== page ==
);
      return $pkg->SUPER::new(%args);
  }

The page element cannot stand up by itself as a story type. It is designed to be a child of another element - basic_article.

KRANG_ROOT/element_lib/Tutorial/basic_article.pm:

  package Tutorial::basic_article;
  use strict;
  use warnings;
  =head1 NAME
  Tutorial::basic_article - simple article type for the Tutorial element
  library
  =head1 DESCRIPTION
  basic_article is a simple multi-page story type in the Tutorial
  element library.
  It has the following children: headline, deck, page (Tutorial::page).
  =cut
  use base 'Krang::ElementClass::TopLevel';
  sub new {
      my $pkg  = shift;
      my %args = (
                  name => 'basic_article',
                  children => [
                               Krang::ElementClass::Text->new(name => 'headline',
                                                              allow_delete => 0,
                                                              size => 40,
                                                              min => 1,
                                                              max => 1,
                                                              reorderable => 0,
                                                              required => 1
                                                             ),
                               Krang::ElementClass::Textarea->new(name         => 'deck',
                                                                  allow_delete => 0,
                                                                  reorderable  => 0,
                                                                  required     => 1,
                                                                  min => 1,
                                                                  max => 1
                                                                 ),
                               Tutorial::page->new(name => 'article_page',
                                                   min  => 1
                                                  )
                              ],
                  @_
                 );
      return $pkg->SUPER::new(%args);
  }

A few notes on basic_article:

Finally, add basic_article to set.conf,

KRANG_ROOT/element_lib/Tutorial/set.conf:

  Version 1.0
  TopLevels category media cover_story basic_article

and restart Krang.

  $ sudo bin/krang_ctl stop
  $ sudo bin/krang_ctl start

Congratulations! You now have the four most fundamental story components of Krang.


Templates

Now that you have story types created, you need output templates. Without output templates, you have no way of publishing your results. In fact, try to preview one of your stories - Krang will complain.

Template design and construction is beyond the scope of this document - that's all covered in Writing HTML::Template Templates in Krang.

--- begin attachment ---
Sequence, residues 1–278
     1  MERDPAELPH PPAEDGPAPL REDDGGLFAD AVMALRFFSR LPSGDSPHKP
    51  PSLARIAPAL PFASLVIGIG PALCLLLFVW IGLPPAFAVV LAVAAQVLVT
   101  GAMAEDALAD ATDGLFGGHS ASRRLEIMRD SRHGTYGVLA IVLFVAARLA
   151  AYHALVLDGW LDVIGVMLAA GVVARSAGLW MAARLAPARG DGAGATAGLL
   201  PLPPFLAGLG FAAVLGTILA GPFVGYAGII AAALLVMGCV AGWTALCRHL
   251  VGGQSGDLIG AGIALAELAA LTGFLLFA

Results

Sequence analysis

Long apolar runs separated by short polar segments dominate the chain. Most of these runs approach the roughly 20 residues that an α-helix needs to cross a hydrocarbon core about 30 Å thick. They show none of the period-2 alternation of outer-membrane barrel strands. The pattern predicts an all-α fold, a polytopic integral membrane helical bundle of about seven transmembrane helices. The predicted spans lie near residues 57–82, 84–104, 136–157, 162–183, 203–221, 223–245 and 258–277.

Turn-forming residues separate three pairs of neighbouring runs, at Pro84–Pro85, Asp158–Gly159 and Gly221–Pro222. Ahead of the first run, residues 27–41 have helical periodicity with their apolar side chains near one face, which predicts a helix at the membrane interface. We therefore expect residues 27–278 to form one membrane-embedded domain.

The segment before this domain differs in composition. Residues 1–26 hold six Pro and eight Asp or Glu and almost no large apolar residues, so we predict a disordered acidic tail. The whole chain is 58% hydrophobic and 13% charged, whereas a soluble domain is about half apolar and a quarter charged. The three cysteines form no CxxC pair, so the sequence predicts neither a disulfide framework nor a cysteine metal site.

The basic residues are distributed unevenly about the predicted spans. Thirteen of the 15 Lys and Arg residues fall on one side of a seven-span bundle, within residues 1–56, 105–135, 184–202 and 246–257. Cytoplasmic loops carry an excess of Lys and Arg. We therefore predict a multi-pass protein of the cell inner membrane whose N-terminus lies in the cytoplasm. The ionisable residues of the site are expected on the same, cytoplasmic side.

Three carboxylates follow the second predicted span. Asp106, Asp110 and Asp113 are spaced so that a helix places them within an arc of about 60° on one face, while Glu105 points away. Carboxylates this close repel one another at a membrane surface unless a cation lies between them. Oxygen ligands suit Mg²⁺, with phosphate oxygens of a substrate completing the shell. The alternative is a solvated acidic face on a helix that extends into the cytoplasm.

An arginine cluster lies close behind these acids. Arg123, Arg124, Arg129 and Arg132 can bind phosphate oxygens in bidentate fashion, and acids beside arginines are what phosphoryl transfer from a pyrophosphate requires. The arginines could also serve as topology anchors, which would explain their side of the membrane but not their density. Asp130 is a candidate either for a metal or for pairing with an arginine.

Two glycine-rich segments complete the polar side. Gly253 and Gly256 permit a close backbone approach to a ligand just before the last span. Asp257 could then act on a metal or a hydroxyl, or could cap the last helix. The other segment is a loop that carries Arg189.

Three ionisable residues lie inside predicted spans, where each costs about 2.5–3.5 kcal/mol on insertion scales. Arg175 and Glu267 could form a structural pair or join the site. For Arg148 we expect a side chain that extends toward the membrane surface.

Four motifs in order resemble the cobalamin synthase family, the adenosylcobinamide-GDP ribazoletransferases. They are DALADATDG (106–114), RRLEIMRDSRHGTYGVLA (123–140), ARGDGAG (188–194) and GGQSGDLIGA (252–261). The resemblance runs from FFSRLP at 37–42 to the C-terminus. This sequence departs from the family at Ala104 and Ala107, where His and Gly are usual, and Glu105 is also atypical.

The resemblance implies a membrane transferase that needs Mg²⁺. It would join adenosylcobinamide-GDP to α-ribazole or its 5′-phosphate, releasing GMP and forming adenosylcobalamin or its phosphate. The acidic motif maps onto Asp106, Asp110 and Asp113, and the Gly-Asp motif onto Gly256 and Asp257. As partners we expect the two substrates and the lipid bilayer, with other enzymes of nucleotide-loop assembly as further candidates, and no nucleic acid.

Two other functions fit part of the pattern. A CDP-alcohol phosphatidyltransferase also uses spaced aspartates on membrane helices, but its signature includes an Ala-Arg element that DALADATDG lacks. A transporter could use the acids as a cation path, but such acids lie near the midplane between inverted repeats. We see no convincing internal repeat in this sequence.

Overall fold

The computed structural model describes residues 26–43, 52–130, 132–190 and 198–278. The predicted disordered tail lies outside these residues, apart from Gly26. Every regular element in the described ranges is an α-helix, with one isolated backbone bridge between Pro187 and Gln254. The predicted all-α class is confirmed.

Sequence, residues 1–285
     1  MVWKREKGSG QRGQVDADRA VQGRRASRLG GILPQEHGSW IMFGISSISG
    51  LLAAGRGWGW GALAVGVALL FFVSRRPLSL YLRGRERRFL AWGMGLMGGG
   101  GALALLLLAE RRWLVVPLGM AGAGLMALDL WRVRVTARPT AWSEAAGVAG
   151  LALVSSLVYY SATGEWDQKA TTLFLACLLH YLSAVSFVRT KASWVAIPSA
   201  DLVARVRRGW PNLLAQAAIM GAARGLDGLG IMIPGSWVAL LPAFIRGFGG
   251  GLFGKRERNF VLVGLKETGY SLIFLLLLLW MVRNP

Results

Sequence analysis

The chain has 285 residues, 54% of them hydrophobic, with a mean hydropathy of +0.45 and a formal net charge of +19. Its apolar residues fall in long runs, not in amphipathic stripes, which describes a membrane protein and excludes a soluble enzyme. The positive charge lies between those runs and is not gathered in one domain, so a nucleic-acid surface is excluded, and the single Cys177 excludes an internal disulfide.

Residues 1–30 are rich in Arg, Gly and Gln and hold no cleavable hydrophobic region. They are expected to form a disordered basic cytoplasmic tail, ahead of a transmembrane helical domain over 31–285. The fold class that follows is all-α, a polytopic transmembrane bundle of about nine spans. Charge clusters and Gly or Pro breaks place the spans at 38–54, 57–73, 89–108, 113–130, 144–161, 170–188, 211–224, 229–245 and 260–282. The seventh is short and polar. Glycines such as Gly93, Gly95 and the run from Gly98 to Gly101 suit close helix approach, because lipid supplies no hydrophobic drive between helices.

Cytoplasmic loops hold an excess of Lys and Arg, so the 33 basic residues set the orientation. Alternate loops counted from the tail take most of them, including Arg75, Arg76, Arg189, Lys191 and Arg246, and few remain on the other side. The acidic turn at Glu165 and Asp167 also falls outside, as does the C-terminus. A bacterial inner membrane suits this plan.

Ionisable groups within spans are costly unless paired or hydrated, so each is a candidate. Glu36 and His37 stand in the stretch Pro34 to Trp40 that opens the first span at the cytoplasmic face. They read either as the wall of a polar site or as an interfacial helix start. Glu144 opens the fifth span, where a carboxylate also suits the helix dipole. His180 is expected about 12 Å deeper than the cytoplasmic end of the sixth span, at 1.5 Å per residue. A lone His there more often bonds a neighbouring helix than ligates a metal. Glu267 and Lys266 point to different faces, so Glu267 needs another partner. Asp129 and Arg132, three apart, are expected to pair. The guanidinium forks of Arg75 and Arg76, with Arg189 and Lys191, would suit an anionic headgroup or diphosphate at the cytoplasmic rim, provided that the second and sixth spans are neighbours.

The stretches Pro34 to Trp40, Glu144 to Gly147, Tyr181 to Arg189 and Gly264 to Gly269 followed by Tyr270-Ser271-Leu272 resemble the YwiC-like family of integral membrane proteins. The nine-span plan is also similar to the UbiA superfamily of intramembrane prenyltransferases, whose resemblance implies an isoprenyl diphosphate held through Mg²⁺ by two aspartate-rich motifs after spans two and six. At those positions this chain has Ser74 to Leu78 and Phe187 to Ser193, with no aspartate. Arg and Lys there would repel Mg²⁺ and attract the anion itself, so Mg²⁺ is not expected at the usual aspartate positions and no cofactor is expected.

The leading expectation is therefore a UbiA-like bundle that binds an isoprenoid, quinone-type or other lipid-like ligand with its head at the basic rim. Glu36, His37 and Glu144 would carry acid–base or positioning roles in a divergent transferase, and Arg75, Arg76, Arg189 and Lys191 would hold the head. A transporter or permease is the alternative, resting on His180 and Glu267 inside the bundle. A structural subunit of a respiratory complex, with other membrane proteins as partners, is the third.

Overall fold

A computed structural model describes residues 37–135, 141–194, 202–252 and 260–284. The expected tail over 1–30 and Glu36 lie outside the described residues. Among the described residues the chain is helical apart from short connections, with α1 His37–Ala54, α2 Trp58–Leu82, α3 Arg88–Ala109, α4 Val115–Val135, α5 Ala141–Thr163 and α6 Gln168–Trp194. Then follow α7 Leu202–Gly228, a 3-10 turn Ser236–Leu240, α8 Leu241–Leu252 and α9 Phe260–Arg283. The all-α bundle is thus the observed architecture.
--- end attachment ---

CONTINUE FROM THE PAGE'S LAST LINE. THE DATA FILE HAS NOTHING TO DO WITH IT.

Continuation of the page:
One important thing to note, however:

Templates are stored in the Krang database, not on the filesystem. It's a VERY good idea to create a .kds (Krang Data Set) file of your templates to bundle with your element library.

Once you are finished with your template development, export the templates as a .kds file:

  bin/krang_export --templates --output templates.kds
  cp templates.kds element_lib/Tutorial/templates.kds

An additional benefit:

If you create additional Krang instances using your element library, bin/krang_createdb will see the element_lib/Tutorial/templates.kds file, and automatically install the templates for you.

Once finished with development of your element library (e.g. everything works as planned, templates are finished, etc), you may want to creating a Krang add-on out of your element library. There are a number of benefits to this:

Read Building a Krang Add-on for more information on creating an Add-on, and take a look at available Krang AddOns to see some existing addons.


Further Development

This section covers more advanced topics in element library development.

Lists

Lists in Krang are a very powerful concept - it allows you to provide your editorial staff with pulldown menus in the editorial user interface, pulldows whose content they can control themselves through the Lists interface.

The flexibility that lists provide is attractive to editorial staffs, as they give nearly the flexibility of a textbox (over a pulldown element whose options are fixed by the element definition), with none of the potential for error through misspelling.

Additionally, Krang lists can be multidimensional and hierarchtical - think of 2 lists, where the content of the second list is dependent on the selection made in the first one.

The classic example is the Year/Make/Model search seen on a lot of car websites - a manufacturer might have produced a 6000 SUX in 1999, but not in 2000.

NOTE: multidimensional lists are not supported properly in the Krang UI in versions prior to 1.102.

Setting up Lists - lists.conf

The structure of the lists associated with an element set can be saved in a config file in the same directory as the element set itself.